Andrea Bruce is an Indiana native and an alumna of the University of North Carolina at Chapel Hill. After shooting as a staff photographer for The Concord Monitor and The St. Petersburg Times, she joined the staff of The Washington Post where she began to chronicle the world’s most troubled areas. She has won many awards for her work, including top honors from the National Pictures of the Year competition, the White House News Photographers Association (where she has been named Photographer of the Year three times), and the prestigious John Faber award from the Overseas Press Club in New York. (Bio taken from Bruce’s website: www.andreabruce.com)
Currently based in Baghdad, Bruce writes a weekly column for The Washington Post called Unseen Iraq. Her column, which is displayed in blog format on the Washington Post website, shows some very different aspects of life in Iraq which are truly “unseen”. After viewing the images alone I got a more complete picture of life in Iraq–you won’t find the usual gloom and doom. The writing is very creative and easy to read, as one commenter notes:
Many of these posts are like poems. I have, for a few years now, read the blogs of Iraqis and researched the country for a film about Iraqi refugees, and Andrea Bruce’s articles and photographs are the most insightful and touching I have found anywhere about everyday life in Iraq.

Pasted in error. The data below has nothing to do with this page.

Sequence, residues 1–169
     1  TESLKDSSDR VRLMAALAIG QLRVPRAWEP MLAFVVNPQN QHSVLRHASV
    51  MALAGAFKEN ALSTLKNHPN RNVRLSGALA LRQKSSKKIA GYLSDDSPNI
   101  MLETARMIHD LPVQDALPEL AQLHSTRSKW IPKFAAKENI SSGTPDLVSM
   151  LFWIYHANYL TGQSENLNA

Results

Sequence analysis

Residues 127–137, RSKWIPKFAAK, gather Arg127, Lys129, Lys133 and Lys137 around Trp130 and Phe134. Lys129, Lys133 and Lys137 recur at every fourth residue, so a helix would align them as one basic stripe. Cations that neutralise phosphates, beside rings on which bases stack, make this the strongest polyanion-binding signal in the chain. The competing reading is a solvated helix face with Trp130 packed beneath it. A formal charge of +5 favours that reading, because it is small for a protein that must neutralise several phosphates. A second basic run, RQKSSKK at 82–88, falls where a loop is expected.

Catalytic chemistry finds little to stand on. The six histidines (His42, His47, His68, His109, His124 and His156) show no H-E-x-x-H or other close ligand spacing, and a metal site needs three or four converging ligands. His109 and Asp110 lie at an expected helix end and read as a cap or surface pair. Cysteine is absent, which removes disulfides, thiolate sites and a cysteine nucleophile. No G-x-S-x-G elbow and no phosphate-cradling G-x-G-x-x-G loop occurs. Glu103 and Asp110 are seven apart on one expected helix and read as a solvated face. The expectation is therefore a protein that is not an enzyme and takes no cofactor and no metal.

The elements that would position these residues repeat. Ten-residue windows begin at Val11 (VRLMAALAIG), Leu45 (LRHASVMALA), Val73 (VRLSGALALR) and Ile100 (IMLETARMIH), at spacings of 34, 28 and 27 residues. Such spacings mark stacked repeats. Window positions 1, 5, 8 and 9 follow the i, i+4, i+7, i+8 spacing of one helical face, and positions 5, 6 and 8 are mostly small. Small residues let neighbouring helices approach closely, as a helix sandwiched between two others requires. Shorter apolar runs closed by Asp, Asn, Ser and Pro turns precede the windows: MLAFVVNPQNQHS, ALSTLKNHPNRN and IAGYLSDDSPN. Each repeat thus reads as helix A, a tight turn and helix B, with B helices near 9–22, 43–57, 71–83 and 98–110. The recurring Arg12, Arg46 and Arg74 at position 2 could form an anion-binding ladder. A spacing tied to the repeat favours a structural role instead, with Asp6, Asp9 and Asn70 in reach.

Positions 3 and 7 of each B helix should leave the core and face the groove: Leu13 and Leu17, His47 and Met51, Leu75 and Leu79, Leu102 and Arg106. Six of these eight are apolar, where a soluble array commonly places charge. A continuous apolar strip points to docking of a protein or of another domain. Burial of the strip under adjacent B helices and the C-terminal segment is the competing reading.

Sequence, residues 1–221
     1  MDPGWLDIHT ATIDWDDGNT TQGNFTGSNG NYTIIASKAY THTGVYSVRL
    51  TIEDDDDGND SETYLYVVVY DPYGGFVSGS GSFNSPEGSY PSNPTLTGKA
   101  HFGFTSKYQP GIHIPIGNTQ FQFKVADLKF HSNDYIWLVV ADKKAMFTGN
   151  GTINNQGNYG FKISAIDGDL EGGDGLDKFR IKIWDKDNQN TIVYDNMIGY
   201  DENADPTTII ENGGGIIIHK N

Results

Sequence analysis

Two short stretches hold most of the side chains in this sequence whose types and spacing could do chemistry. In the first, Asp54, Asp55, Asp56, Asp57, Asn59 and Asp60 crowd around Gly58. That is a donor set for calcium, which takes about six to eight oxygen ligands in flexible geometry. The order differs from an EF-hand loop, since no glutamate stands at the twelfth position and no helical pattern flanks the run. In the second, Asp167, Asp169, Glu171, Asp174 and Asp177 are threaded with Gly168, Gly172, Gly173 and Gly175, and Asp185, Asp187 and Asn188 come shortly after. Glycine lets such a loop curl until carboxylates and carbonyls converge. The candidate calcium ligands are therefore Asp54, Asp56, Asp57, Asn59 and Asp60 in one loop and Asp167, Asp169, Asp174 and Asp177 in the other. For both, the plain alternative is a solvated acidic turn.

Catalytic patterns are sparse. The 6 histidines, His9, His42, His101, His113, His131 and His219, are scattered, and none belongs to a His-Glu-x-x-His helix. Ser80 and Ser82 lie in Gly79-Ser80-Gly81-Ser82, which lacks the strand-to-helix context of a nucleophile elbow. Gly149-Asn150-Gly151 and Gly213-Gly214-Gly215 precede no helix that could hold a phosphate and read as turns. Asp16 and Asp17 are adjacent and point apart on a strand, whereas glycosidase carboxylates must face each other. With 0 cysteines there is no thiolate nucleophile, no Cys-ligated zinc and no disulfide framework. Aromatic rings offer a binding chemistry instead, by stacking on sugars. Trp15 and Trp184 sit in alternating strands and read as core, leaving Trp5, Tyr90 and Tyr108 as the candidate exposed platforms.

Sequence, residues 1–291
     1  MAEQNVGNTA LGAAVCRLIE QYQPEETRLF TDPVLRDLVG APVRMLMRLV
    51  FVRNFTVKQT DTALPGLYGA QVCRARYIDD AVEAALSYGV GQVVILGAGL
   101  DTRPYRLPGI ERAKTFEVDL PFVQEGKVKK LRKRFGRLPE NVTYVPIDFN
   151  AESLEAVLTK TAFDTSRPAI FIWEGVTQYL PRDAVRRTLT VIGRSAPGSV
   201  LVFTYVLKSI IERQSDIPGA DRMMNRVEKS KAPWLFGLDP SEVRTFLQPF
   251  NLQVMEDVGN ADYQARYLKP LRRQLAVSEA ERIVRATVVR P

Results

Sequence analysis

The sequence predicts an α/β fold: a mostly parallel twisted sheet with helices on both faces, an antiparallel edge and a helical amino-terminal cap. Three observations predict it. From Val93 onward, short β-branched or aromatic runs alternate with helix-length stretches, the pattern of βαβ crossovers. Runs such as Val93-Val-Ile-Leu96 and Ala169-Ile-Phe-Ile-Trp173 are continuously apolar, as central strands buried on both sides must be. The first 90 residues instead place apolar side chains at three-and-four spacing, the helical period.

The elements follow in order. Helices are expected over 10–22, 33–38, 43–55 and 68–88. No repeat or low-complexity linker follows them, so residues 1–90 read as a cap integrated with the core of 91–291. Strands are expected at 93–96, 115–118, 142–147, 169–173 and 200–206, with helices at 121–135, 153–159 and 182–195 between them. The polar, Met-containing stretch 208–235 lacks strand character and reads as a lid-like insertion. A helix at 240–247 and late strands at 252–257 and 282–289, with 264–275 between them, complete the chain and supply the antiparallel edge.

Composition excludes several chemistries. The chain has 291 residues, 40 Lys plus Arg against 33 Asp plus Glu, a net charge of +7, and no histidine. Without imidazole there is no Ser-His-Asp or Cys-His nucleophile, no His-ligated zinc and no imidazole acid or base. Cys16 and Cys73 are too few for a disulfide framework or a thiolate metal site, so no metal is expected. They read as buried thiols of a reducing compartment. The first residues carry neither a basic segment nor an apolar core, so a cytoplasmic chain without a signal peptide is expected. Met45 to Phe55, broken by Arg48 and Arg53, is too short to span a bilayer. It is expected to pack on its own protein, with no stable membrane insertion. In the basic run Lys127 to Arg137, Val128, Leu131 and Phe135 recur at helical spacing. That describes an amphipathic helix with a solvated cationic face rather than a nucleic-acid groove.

We don’t know how long she’ll be based in the Middle East, but while she is we can all enjoy a fresh and inspiring perspective on life in Iraq. Check our her latest contributions (updated automatically):
Vincent Laforet is perhaps best known for his aerial photography, which got a lot of attention after he published striking aerial images of hurricane Katrina’s devastation in New Orleans in the New York Times. I was privileged enough to hear him speak at The University of Chapel Hill’s School of Journalism and Mass Communication about his time in New Orleans, and I even scored a portfolio review with him (later that night I got into a wreck on my bike, so I think I forgot most of his advice). I remember being blown away by the beautiful graphic nature of his images and wanting very badly to be in a helicopter photographing myself.
On his blog, http://blog.vincentlaforet.com, he shares highlights and previews from current projects he’s working on as well as stuff that inspires him. He is obviously a lover of gadgets and shares a lot about his equipment, software and general work flow. In fact, he’s a member of Apple’s “Aperture Advisory Committee” and a Canon “Explorer of Light” and “Printmaster”. I’m not really sure what all of that means, but I think it means he gets access to lots of free goodies, and gear that hasn’t yet been released. Before the Canon 5D Mark II was released, he got to test it out and give feedback, and posted HD video samples shot with it. His posts on that actually helped me decided to upgrade to the 5D Mark II because my original 5D had been stolen, along with my HD camcorder, so naturally the Mk II was a viable option. He’s got some great tutorials and tips on using the 5D Mk II, like this one and this one. He often shares behind the scenes video from his projects that are extremely helpful for photojournalists and generally interesting for anyone else.
Check out the latest posts from Vincent Laforet’s Blog (updated automatically):
This entry was written by Commercial Photographers, Photographers and tagged aerial photography, Canon 5D Mark II, The New York Times, Top Shelf, Vincent Laforet, Wordpress. Leave a comment or view the discussion at the permalink., posted on February 21, 2009 at 11:36 am, filed under